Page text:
Yes, yes, I finally made it to Ghana, but not without a little more drama. I’ll spare you those details, though, because friends have kept pointing out that I still haven’t said what the heck Devon and I are even doing in Ghana. Yeah, I do tend to drop the ball on that sort of thing. Sorry. But the Ghana thing is actually pretty simple: we’re visiting Ashesi University.
Ashesi is a brand-new tiny university, and still the only one in all of Africa providing a liberal arts curriculum. They’ve graduated just a dozen classes, and they’ve already changed the face of education on the entire continent. The president of Ghana spoke at their commencement this past year and he urged all the other universities in the country to follow the school’s example. And if you spend any time with Ashesi’s students, faculty or staff, you won’t waste a minute wondering why.
For a quick intro to the school’s philosophy, just watch the TED talk by Patrick Awuah, Ashesi’s founder. If you haven’t seen it, stop reading now, really, and watch the talk. Devon and I met Patrick Awuah a year or so after that talk, when Ashesi was still operating out of a rented house in the Accra suburbs. We kinda fell in love with him and his vision immediately: his students had astounding critical thinking skills and were deeply committed and well equipped to actually change the world.
Case in point: we met Kpetermeni Siakor when he was Ashesi’s first Liberian student. Two years later – still as an undergraduate – he devised and led the deployment of the cell phone-based data exchange system that helped bring his home country’s raging Ebola epidemic under control. Yeah, Ashesi students make things happen.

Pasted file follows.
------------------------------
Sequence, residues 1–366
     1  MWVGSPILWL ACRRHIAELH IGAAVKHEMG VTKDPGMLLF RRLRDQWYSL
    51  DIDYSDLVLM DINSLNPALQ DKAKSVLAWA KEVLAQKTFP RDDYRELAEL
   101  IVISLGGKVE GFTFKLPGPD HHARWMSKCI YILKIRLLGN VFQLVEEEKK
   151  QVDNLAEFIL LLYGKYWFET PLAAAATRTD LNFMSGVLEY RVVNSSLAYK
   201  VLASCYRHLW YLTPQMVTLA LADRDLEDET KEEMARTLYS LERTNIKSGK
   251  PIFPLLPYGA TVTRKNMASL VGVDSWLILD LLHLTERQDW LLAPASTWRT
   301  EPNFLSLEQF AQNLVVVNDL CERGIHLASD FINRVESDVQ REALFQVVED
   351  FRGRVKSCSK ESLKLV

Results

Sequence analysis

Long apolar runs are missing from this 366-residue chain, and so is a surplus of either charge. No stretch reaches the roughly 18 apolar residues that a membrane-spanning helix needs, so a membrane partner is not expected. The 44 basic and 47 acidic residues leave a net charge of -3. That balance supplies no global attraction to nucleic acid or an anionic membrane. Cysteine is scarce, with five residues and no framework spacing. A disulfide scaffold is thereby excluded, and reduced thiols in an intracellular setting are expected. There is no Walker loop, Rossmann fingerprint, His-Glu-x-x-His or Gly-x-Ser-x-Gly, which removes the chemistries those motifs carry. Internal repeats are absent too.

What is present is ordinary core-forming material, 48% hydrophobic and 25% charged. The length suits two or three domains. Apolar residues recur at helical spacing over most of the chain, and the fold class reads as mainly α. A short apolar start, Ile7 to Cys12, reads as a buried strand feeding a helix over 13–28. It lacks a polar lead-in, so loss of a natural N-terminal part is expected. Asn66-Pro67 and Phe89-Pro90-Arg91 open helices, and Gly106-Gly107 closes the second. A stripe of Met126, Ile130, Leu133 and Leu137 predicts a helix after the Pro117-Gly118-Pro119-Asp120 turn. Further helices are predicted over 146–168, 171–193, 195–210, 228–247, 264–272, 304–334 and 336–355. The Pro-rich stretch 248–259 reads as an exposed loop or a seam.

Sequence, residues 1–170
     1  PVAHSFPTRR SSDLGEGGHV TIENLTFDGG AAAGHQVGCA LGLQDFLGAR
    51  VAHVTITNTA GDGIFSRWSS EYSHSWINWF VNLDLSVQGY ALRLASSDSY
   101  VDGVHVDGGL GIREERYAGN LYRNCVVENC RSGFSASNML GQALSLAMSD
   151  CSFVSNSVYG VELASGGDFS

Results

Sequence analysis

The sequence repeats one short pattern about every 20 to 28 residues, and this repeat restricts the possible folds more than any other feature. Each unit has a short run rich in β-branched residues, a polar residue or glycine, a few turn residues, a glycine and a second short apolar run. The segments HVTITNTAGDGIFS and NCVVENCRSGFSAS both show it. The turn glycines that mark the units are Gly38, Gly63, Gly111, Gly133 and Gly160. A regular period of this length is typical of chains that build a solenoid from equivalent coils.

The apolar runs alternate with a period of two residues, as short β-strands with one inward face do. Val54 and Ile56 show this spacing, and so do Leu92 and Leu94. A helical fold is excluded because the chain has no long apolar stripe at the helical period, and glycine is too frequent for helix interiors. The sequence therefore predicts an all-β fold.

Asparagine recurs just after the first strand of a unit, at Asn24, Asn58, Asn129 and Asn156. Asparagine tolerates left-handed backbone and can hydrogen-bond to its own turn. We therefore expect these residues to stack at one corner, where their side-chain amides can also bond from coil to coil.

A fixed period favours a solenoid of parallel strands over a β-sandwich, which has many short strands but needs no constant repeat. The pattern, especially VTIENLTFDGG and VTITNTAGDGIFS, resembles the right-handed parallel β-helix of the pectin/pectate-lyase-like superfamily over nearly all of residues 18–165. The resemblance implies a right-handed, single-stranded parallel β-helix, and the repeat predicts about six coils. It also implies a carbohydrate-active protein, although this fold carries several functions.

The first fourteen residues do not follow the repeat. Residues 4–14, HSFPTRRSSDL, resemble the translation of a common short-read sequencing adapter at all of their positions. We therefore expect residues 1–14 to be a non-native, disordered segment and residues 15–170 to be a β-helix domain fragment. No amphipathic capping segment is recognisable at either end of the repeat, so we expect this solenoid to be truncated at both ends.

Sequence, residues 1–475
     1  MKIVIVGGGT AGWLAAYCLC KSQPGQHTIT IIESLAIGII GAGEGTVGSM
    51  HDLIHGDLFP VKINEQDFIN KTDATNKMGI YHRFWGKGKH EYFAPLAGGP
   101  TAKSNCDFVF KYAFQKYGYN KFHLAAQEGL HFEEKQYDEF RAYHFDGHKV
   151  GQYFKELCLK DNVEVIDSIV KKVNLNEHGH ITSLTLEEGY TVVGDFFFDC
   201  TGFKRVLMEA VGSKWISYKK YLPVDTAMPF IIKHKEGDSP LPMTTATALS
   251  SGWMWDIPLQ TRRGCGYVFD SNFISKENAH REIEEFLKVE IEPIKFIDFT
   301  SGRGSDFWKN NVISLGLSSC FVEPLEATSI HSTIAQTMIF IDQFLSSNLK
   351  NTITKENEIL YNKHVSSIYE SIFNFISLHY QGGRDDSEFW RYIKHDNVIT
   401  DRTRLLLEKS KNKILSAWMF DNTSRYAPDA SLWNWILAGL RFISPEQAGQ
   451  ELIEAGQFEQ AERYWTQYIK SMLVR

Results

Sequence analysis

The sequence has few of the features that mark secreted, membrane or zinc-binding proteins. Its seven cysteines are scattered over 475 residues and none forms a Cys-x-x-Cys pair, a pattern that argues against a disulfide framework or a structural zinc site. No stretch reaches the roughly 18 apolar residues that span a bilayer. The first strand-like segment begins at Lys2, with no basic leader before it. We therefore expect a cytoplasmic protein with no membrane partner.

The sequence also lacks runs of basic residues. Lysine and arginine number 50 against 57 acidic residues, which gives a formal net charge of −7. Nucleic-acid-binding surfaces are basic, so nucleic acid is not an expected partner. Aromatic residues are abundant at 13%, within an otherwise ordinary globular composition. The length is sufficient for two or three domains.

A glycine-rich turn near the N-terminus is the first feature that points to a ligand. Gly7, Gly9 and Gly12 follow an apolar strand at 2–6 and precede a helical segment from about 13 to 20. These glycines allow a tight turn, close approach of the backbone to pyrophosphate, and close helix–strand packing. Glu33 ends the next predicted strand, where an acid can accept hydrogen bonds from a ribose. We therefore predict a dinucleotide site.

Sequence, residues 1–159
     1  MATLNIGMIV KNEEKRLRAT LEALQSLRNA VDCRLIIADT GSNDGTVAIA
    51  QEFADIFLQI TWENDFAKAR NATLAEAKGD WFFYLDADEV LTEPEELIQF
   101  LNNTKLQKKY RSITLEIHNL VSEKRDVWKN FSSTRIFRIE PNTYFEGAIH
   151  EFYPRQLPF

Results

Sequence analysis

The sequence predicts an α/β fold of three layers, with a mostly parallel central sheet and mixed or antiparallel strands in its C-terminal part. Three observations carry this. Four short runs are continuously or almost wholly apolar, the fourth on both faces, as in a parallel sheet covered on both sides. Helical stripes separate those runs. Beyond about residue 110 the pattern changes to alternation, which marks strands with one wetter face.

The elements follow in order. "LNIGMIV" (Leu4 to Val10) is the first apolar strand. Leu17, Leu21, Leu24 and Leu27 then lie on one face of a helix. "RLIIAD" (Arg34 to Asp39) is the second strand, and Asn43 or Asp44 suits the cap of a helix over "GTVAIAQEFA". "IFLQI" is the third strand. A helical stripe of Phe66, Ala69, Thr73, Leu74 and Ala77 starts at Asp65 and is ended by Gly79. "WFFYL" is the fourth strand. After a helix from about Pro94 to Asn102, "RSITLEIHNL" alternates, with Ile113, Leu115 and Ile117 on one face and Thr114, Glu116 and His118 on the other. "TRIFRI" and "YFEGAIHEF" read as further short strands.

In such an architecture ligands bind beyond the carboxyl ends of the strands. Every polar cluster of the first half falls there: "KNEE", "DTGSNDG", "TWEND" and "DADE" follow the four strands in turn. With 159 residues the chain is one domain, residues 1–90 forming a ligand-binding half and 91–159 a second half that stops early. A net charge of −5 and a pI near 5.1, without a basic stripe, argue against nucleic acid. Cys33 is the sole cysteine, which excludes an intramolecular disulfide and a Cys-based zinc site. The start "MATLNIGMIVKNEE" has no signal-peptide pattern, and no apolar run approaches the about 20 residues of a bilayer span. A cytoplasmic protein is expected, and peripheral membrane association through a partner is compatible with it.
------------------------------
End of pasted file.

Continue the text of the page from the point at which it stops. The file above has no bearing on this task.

Pretty much since that first visit, we’ve been kind of fanatical about the school, making donations where and when we can, trying to introduce others to Patrick’s vision. I’ve given a couple of talks there and been asked incisive difficult questions that never came up anywhere else.
But it’s been a few years, and when the opportunity came to tag along on a trip of trustees and donors, Devon and I jumped at the chance. We’re spending a couple of days meeting with students, meeting with faculty, brainstorming and hearing about the next couple of stages in the strategic vision.
Feel free to ask me more when we get back. But be forewarned: I’ve already accidentally convinced two people to leave their Silicon Valley jobs, pull up stakes and move to Ghana to teach at Ashesi. Just sayin…